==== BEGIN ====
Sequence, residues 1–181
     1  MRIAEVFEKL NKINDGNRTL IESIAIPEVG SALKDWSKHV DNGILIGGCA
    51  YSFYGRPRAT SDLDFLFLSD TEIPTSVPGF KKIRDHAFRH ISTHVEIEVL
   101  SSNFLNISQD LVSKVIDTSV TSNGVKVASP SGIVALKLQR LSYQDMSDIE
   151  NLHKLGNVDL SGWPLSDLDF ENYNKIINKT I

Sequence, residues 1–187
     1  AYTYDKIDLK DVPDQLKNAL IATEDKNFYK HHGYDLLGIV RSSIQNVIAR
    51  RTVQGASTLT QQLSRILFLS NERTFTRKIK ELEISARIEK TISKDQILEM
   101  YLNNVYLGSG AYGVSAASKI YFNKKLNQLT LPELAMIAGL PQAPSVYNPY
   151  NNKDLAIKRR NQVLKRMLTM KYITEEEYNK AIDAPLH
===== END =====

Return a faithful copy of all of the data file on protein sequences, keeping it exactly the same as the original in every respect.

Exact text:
Sequence, residues 1–181
     1  MRIAEVFEKL NKINDGNRTL IESIAIPEVG SALKDWSKHV DNGILIGGCA
    51  YSFYGRPRAT SDLDFLFLSD TEIPTSVPGF KKIRDHAFRH ISTHVEIEVL
   101  SSNFLNISQD LVSKVIDTSV TSNGVKVASP SGIVALKLQR LSYQDMSDIE
   151  NLHKLGNVDL SGWPLSDLDF ENYNKIINKT I

Sequence, residues 1–187
     1  AYTYDKIDLK DVPDQLKNAL IATEDKNFYK HHGYDLLGIV RSSIQNVIAR
    51  RTVQGASTLT QQLSRILFLS NERTFTRKIK ELEISARIEK TISKDQILEM
   101  YLNNVYLGSG AYGVSAASKI YFNKKLNQLT LPELAMIAGL PQAPSVYNPY
   151  NNKDLAIKRR NQVLKRMLTM KYITEEEYNK AIDAPLH